This is the first in a series of articles that will cover Change Management process implementation using System Center 2012 – Service Manager.
To deliver reliable and effective IT service, organizations need to ensure that changes are planned and purposeful. That is why change management is very important.
Change in any form carries risk—risk of failure, disruption of operations, technical challenges, resource constraints, and unanticipated consequences. But many IT organizations fail at change management, either because they find it so big and onerous that they don’t try it at all, or because they make it so complicated that no one will use it.
System Center 2012 – Service Manager (SCSM 2012) helps IT manage changes through repeatable, predictable, and measured processes. But first of all it is recommended to go through some popular frameworks such as Microsoft Operations Framework 4.0 (MOF 4.0, http://technet.microsoft.com/en-us/library/cc506049.aspx ) or Information Technology Infrastructure Library v3 (ITIL v3, http://www.itil-officialsite.com/home/home.aspx) to get understanding about Change Management goals, process flow and interoperability with other management processes. If an organization mostly use solutions based on Microsoft platform it is recommended to adopt MOF 4.0 framework. But it should be clear that most organizations will require further adjustments of processes described in MOF 4.0 or ITIL 3.0 frameworks.
This article will show you an example how to implement Change Management process (based on MOF 4.0) using System Center 2012 – Service Manager.
In MOF 4.0 Change Management process implementation is described in “Change and Configuration Service Management Function” document (40 pages). Main process is divided into 7 subprocesses:
- Baseline the configuration.
- Initiate the change.
- Classify the change.
- Approve the change.
- Develop and test the change.
- Release the change.
- Validate and review the change.
Baseline the configuration
The first step is “Define and collect the configuration data to track” – importing / creating configuration items (CIs) into configuration management system (CMS). In our case the configuration management system (CMS) is System Center 2012 – Service Manager (SCSM 2012). As you know SCSM 2012 out of the box provides several sources to import configuration items (CIs) from:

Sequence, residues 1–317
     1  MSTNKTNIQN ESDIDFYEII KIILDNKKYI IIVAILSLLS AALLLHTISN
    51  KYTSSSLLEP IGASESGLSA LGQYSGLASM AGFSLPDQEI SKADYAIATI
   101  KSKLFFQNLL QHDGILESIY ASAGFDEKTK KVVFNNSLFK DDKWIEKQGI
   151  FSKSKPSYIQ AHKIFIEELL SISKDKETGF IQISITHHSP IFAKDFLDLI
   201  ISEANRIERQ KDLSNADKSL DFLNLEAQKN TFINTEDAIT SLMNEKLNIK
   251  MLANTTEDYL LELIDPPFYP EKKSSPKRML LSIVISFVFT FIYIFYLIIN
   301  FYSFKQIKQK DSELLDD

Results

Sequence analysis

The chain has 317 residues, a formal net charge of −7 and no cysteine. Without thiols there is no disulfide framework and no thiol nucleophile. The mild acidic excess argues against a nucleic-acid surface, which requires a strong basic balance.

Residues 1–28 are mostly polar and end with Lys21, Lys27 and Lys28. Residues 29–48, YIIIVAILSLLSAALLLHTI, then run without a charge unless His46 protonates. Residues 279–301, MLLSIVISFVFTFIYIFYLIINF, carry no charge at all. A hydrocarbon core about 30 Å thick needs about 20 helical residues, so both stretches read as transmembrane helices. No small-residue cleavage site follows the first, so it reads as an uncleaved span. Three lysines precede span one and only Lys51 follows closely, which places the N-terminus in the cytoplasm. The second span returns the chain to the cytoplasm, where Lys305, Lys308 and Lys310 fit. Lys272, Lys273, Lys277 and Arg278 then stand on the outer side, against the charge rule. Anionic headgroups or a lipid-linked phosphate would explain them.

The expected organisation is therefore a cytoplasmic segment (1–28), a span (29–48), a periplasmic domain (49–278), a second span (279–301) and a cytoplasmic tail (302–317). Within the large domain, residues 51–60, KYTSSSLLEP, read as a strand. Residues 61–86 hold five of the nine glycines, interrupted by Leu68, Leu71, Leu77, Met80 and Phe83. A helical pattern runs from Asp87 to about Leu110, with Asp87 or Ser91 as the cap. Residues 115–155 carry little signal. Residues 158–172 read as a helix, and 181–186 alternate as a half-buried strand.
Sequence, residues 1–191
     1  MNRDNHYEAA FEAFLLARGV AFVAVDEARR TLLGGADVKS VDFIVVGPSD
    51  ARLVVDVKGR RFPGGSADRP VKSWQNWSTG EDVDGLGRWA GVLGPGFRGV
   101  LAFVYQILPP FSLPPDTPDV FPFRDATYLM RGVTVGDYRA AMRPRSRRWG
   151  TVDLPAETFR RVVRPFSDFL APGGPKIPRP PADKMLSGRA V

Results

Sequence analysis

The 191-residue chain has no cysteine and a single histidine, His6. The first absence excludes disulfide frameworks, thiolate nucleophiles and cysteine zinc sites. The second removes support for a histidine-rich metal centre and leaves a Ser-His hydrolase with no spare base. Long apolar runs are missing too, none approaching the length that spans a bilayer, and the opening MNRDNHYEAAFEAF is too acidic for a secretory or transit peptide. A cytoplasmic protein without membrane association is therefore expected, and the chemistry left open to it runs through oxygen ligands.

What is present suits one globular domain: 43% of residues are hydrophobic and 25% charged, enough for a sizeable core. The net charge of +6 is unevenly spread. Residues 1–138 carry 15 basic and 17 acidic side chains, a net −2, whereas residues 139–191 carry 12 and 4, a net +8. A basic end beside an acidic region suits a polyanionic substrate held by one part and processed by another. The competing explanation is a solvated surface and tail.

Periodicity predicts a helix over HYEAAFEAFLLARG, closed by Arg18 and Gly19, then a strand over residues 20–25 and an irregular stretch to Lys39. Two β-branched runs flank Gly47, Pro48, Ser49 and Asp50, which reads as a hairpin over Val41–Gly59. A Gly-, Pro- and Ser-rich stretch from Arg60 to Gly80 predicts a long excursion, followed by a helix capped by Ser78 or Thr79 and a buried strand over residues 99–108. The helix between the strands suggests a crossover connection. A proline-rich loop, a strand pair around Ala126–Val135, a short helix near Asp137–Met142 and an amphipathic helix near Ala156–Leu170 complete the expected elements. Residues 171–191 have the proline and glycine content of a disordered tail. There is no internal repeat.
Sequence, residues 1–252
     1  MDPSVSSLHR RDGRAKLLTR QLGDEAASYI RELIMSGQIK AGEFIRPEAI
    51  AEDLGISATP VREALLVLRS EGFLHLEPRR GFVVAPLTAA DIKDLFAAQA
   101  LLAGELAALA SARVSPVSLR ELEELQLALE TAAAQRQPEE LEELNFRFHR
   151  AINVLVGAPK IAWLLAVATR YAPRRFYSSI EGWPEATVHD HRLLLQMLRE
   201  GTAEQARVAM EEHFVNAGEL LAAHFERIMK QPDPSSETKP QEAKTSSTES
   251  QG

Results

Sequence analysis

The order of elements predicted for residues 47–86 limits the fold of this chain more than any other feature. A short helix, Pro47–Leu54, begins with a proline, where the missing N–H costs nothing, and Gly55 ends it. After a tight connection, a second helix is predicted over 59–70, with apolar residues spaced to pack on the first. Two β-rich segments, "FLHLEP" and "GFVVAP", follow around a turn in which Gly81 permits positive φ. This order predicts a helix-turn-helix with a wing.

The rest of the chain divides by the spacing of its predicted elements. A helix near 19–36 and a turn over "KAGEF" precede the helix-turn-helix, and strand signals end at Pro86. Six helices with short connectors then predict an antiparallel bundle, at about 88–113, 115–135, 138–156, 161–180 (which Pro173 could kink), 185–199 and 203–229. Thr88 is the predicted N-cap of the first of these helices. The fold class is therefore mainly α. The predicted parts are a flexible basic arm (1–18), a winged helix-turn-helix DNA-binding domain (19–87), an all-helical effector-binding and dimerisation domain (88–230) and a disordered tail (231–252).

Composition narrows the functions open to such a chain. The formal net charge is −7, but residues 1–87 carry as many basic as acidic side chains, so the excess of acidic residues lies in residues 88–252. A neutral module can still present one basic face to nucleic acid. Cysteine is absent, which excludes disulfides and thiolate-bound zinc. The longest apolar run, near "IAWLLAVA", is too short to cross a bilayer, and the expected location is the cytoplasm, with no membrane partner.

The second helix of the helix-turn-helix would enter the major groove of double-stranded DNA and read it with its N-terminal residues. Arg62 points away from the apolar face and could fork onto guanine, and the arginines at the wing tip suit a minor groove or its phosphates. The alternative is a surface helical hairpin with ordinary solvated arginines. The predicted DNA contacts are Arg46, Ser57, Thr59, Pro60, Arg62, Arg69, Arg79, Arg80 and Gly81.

- Active Directory connector: add users, groups, printers, and computers (and only these object types) as configuration items into the Service Manager database.
- Configuration Manager connector: creates and populates configuration items for the hardware, software, software updates, DCM configuration baselines, Mobile Device Data (SCCM 2012).
- Operations Manager CI connector: imports objects that are discovered by Operations Manager (SQL DB Engines, Web sites, Active Directory domain controllers, etc.). You must import System Center Operations Manager management packs into Service Manager (Service Manager requires a list of class definitions for these objects).
- Virtual Machine Manager connector: imports objects, such as clouds, templates, and virtual machines.
- CSV file.
Another step recommended to do – create service maps. A service map is a representation of a service from the perspective of the business and user that shows critical dependencies, settings, and areas of responsibility (for more information about service maps, see the Business/IT Alignment Service Management Function from MOF 4.0).
The second step in the “Baseline configuration” subprocess is “Audit the CMS content”.
If you used SCSM 2012 connectors to import information into CMS, all CIs data will be updated automatically according to defined schedule. But you should regularly review and update service maps.
I will continue to discuss Changes Management process implementation using SCSM 2012 and start with review of the second subprocess “Initiate the change” in the next article.